A Mississippi community is demanding answers after a visiting high school football team's band put on a halftime show that appeared to depict police being shot - days after two cops in that town were shot and killed in the line of duty.
As The Jackson Clarion-Ledger reports, on Friday night the football team and band from Forest Hill High School, in Jackson, came to Brookhaven to face off against Brookhaven High School. During the halftime show, Forest Hill's band put on a show with a scene that appeared to depict students, dressed as doctors and nurses, holding toy guns and pointing them at two students, dressed as members of a SWAT team, on the ground. The students then pretended to shoot and kill the "SWAT team members."
It's not clear what the FHHS band was trying to convey with the halftime show - perhaps a commentary on police brutality? But whatever it was, the timing could not have been worse. That's because just last week, two police officers were killed in the line of duty in Brookhaven.
As The Clarion-Ledger reported at the time, Patrolman James White, 35, and Cpl. Zach Moak, 31, responded to a shots-fired call, and paid for it with their lives. The suspect, who reportedly had a long rap sheet, opened fire on the two cops, killing both of them, according to Police Chief Kenneth Collins,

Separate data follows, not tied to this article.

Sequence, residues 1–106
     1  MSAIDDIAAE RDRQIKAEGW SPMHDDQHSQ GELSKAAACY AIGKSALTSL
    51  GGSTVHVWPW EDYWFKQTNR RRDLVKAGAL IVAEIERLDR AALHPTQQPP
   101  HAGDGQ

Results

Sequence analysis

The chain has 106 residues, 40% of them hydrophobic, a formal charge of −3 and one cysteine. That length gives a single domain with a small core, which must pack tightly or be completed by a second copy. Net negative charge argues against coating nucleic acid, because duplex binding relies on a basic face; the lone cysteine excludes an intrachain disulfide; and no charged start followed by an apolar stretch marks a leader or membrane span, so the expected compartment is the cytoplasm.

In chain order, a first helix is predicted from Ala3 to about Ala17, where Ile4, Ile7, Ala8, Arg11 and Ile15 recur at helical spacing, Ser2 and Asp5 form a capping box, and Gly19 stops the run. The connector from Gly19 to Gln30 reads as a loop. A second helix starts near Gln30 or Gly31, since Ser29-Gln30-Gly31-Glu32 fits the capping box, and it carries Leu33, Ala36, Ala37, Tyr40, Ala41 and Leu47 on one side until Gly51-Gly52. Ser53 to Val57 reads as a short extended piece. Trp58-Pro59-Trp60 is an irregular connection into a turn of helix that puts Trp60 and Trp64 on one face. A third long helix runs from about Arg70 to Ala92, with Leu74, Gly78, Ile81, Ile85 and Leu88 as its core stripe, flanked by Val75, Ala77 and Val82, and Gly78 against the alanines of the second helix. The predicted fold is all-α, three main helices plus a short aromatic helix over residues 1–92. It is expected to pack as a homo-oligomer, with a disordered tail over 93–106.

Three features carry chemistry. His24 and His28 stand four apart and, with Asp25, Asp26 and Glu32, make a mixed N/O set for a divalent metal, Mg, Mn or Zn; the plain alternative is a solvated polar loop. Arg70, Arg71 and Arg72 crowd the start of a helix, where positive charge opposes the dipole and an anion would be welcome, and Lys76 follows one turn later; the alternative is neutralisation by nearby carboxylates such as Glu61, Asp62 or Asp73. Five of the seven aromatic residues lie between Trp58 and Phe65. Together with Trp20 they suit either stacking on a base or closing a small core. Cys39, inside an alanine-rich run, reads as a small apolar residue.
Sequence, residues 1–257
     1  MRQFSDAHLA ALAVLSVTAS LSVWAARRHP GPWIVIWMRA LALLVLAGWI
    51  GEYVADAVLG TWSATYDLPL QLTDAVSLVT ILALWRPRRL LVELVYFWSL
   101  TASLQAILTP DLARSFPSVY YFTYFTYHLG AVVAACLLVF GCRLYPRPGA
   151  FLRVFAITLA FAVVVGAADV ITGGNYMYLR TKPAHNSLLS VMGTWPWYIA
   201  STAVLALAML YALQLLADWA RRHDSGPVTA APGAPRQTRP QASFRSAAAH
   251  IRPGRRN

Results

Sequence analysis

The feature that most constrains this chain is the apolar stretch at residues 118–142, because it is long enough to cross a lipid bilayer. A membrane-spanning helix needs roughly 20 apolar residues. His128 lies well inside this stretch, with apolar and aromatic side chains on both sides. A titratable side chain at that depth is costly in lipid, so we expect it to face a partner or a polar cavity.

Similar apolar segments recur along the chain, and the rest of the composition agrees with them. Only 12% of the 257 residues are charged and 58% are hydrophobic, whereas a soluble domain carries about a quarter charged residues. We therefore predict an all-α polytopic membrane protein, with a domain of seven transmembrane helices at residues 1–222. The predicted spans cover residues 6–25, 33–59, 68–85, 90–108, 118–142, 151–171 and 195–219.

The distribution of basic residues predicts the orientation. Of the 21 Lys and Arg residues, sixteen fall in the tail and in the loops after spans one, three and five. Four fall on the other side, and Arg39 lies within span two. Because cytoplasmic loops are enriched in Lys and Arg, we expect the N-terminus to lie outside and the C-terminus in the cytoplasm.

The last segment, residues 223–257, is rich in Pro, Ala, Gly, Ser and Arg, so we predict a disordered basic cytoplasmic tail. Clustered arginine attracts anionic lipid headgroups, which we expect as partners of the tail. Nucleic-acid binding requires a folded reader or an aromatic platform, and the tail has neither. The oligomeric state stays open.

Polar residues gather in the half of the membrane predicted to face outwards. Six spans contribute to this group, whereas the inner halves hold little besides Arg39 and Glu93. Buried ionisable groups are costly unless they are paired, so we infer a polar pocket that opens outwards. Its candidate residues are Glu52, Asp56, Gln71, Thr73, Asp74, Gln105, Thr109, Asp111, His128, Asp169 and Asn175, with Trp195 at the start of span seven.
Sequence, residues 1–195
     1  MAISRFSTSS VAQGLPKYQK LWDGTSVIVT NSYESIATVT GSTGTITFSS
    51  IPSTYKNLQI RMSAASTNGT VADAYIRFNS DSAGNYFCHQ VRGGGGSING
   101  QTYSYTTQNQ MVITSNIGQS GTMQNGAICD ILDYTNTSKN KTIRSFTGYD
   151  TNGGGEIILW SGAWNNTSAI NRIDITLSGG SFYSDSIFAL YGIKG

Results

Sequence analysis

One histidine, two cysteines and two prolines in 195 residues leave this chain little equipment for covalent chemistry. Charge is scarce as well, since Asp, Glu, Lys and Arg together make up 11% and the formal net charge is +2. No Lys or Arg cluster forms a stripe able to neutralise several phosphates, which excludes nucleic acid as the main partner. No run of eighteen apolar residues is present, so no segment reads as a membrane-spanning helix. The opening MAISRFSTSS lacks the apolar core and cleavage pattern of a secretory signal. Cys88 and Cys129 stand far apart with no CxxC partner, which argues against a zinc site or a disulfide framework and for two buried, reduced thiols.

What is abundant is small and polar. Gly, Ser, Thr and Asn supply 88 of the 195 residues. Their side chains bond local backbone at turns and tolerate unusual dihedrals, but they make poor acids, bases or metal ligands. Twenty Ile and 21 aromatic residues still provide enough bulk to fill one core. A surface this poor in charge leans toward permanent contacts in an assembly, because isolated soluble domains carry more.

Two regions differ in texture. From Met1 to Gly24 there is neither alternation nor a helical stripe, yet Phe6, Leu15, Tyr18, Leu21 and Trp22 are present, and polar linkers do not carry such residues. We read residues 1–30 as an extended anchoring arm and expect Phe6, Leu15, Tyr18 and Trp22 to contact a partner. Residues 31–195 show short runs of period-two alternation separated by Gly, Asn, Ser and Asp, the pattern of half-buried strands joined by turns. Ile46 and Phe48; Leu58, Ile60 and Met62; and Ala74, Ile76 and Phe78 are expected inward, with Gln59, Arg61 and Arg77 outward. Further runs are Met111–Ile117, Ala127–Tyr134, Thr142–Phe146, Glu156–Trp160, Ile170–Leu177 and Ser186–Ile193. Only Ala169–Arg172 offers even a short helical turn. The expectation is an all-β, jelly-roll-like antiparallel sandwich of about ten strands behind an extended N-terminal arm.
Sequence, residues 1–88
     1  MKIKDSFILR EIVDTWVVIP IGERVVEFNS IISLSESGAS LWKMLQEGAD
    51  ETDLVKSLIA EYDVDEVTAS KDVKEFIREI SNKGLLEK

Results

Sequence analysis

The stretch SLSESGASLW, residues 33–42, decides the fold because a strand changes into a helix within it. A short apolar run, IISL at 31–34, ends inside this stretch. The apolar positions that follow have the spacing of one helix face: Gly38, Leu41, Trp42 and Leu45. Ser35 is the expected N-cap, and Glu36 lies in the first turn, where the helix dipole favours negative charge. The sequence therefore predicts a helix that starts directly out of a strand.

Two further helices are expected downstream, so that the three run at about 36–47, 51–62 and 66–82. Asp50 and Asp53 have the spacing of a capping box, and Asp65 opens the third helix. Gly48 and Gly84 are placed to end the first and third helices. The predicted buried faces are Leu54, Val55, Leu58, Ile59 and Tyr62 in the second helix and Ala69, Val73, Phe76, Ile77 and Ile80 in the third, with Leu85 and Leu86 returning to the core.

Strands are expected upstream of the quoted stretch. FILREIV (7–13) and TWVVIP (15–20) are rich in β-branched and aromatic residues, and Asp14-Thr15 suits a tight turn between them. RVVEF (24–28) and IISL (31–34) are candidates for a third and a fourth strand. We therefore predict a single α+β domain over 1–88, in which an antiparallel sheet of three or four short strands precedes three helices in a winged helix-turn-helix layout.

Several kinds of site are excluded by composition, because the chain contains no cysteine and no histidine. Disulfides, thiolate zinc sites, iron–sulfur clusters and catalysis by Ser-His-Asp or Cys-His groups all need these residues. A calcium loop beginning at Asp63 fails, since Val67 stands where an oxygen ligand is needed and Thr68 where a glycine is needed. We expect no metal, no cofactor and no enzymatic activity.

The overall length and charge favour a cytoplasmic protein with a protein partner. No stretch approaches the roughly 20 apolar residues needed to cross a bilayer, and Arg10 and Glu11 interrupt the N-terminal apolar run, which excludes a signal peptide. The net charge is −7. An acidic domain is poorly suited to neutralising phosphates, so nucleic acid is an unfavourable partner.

"Two heroes lost their lives today. They responded to the call and another was under fire, and that's when the officer jumped in to help. They're both heroes."Still reeling from the murders of two of its officers, the people of Brookhaven then got to watch the scene play out in the halftime show.
The performance did not go over well. Even Mississippi Governor Phil Bryant responded.
"This is unacceptable in a civilized society. Someone should be held accountable."A spokesperson for the Brookhaven Band Boosters asked community members not to direct their ire at the students doing the performance, but rather the school officials who orchestrated it.
"Please as humans, let us remember that while this has been a horrible situation, the students are the ones losing. They have worked hard on their show, unfortunately, their leadership chose the wrong form of show to perform. Please show the students compassion, and I personally pray that they will all learn something from this situation."So far, neither Jackson Public Schools nor anyone affiliated with Forest Hill High School has responded to requests for comment. Forest Hill's band, meanwhile, has been uninvited from a statewide band competition scheduled for Saturday.